Education

Colleagues

April 01, 2001 1 min read
  • Save to favorites
  • Print

Don’t judge a book by its cover. It’s a nice concept, but educators know the attractiveness of a cover illustration often determines whether a student checks out a book from the library—or leaves it collecting dust on the shelf. Unfortunately, many school librarians facing budget cuts save money by having old books rebound and returned without covers.

That’s what Jack Maxwell, the library media specialist at Hamilton Accelerated Elementary School in Memphis, Tennessee, did until about six years ago, when he hit upon the idea of having students in his Library Reading Club illustrate new covers for tattered books.

The club’s 100 or so members—students reading at the 2nd grade level and above— read library books, then draw pictures or download computer clip art to create jazzy new covers. The students get to place their names along with the authors’ on the new jackets, which local senior citizen volunteers then laminate for protection. Club members also write reviews that are placed in a folder in the library to inspire other students to pick up the books. A clear purpose for reading a book and a goal that includes the opportunity to share one’s work with peers “gets the kids interested in reading,” Maxwell says.

Currently, students’ work decorates about 500 of the 11,000 hardbacks in the library. Maxwell says he’s pleased with the

effort’s success. In fact, he’s tracked a few of the books and discovered that they are checked out three times more often than other library books—even books with the same title. Students at Hamilton often “forgo the one [book] with the company’s picture” for another copy featuring a fellow student’s artwork, he says, and kids encourage their pals to borrow books with covers created by siblings or friends.

Amanda McFarland participated in the Library Reading Club last year. “I learned to read different types of books and what they could do to help you,” she says. Amanda, now a 6th grader at Hamilton, hopes to one day write books.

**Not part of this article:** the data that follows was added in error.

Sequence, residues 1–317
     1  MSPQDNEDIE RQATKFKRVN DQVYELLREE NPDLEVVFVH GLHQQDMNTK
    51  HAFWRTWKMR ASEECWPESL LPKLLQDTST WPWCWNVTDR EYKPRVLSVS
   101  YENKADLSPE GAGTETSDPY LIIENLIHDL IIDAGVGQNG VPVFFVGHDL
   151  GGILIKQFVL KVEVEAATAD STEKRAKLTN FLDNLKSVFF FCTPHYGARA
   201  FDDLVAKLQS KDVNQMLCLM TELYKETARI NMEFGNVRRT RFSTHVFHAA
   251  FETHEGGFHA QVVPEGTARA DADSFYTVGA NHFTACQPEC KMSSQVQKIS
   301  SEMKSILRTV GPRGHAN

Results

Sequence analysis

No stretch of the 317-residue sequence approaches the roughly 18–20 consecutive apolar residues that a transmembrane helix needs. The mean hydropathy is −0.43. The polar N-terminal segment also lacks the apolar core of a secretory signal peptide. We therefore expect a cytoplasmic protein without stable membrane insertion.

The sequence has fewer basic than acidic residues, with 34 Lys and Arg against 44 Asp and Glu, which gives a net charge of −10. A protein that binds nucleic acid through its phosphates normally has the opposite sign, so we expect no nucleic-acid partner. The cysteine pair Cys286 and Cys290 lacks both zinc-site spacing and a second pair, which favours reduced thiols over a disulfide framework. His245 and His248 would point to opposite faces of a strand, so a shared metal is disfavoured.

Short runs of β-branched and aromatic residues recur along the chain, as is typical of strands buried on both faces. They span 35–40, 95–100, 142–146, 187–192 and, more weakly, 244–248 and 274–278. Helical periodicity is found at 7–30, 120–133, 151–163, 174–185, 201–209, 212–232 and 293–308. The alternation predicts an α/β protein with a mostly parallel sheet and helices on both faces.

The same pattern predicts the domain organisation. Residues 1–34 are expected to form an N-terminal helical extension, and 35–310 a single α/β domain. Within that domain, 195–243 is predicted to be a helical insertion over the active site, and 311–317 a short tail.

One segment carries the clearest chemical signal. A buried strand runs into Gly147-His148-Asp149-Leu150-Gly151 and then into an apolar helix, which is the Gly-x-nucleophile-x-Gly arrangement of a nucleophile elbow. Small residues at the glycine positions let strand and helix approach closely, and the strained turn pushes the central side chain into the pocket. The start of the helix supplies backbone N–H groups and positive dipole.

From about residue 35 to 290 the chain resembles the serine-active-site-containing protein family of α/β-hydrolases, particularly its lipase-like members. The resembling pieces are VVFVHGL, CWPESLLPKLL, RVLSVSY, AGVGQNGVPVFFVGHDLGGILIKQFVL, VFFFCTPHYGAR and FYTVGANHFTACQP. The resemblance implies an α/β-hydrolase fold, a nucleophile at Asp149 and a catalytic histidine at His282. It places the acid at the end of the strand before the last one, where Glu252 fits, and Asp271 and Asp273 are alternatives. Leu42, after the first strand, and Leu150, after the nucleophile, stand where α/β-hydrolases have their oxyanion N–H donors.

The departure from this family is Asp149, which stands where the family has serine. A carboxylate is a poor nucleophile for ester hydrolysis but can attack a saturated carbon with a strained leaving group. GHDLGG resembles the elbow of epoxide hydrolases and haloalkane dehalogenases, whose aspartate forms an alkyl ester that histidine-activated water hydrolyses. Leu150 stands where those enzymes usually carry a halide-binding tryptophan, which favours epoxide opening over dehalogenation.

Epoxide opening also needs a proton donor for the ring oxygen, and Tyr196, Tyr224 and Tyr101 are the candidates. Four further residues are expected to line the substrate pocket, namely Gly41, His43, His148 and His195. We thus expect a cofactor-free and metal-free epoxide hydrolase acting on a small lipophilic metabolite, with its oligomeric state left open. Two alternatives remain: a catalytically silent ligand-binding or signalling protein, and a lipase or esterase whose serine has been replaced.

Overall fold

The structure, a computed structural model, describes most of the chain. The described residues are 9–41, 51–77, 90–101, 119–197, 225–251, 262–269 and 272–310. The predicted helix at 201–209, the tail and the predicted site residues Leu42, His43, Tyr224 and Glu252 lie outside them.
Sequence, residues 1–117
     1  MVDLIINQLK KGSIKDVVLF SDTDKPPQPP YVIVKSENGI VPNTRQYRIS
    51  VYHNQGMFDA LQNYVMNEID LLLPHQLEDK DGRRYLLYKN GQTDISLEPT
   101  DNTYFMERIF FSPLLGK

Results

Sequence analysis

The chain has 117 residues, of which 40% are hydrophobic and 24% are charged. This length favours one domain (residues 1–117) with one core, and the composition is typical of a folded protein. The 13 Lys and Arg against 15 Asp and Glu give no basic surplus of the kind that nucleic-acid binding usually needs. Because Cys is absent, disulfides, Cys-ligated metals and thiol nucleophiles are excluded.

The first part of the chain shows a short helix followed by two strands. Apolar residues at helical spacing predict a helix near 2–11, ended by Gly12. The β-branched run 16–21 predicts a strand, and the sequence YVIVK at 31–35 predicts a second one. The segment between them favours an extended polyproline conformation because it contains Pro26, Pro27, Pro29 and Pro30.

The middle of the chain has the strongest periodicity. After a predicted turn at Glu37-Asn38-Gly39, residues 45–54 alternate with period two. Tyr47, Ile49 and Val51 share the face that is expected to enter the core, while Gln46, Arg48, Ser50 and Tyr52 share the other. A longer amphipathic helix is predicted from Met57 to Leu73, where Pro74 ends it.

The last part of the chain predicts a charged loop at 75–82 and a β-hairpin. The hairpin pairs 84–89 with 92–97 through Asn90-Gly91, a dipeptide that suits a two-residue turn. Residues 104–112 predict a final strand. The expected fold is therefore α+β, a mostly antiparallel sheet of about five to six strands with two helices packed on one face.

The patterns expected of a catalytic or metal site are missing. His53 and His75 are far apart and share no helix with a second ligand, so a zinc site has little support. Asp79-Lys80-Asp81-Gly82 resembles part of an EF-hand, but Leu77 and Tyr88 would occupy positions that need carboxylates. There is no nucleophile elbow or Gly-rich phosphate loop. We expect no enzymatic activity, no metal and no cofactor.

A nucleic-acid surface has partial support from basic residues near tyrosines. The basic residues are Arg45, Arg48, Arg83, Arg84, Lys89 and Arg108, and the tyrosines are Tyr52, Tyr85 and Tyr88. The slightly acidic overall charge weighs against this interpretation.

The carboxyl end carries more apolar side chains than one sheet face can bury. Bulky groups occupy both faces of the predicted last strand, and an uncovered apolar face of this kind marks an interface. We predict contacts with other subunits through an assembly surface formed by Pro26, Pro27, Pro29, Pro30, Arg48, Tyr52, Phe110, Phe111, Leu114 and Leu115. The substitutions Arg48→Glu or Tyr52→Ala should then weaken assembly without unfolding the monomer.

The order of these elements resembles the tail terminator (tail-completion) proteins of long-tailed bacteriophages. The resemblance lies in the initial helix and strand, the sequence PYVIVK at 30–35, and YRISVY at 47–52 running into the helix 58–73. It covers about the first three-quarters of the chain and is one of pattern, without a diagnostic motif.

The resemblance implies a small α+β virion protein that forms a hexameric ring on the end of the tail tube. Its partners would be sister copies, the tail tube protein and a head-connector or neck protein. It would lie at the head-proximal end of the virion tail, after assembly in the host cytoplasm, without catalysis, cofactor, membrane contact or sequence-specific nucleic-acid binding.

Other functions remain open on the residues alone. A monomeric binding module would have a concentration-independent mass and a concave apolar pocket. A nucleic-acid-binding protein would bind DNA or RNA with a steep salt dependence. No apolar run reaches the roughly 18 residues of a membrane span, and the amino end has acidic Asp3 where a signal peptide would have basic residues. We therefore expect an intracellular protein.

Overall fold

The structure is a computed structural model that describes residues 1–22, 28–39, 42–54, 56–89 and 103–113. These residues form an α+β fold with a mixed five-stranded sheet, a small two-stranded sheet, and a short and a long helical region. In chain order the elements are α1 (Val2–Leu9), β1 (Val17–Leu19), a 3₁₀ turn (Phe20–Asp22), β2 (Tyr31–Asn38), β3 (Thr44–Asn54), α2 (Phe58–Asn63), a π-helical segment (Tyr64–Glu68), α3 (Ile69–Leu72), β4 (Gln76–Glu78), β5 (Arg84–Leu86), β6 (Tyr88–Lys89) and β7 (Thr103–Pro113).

Funding his program through grants and award money, Maxwell is committed to encouraging reading among Hamilton students. “Without a foundation in reading, you’re not going to be able to do anything,” he says. “Reading is the foundation for all other subjects and on which all future success is built.”

—Marisha Goldhamer

Events

Jobs Virtual Career Fair for Teachers and K-12 Staff
Find teaching jobs and other jobs in K-12 education at the EdWeek Top School Jobs virtual career fair.
This content is provided by our sponsor. It is not written by and does not necessarily reflect the views of Education Week's editorial staff.
Sponsor
Student Achievement Webinar
Mission Possible: Saving Time While Improving Student Outcomes
Learn how district leaders are maximizing instructional time and finding the best resources for student success through their MTSS framework.
Content provided by Panorama Education
Reading & Literacy K-12 Essentials Forum Writing and the Science of Reading
Join us for this free event as we highlight and discuss the intersection of reading and writing with Education Week reporters and expert guests.

EdWeek Top School Jobs

Teacher Jobs
Search over ten thousand teaching jobs nationwide — elementary, middle, high school and more.
View Jobs
Principal Jobs
Find hundreds of jobs for principals, assistant principals, and other school leadership roles.
View Jobs
Administrator Jobs
Over a thousand district-level jobs: superintendents, directors, more.
View Jobs
Support Staff Jobs
Search thousands of jobs, from paraprofessionals to counselors and more.
View Jobs

Read Next

Education Briefly Stated: February 1, 2023
Here's a look at some recent Education Week articles you may have missed.
8 min read
Education Briefly Stated: January 18, 2023
Here's a look at some recent Education Week articles you may have missed.
8 min read
Education Letter to the Editor EdWeek's Most-Read Letters of 2022
Here are this year’s top five Letters to the Editor.
1 min read
Education Week opinion letters submissions
Gwen Keraval for Education Week
Education In Their Own Words Withstanding Trauma, Leading With Honesty, and More: The Education Stories That Stuck With Us
Our journalists highlight why stories on the impact of trauma on schooling and the fallout of the political discourse on race matter to the field.
4 min read
Kladys Castellón prays during a vigil for the victims of a mass shooting at Robb Elementary School in Uvalde, Texas, on Tuesday, May 24, 2022.
Kladys Castellón prays during a vigil for the victims of a mass shooting at Robb Elementary School.
Billy Calzada/The San Antonio Express-News via AP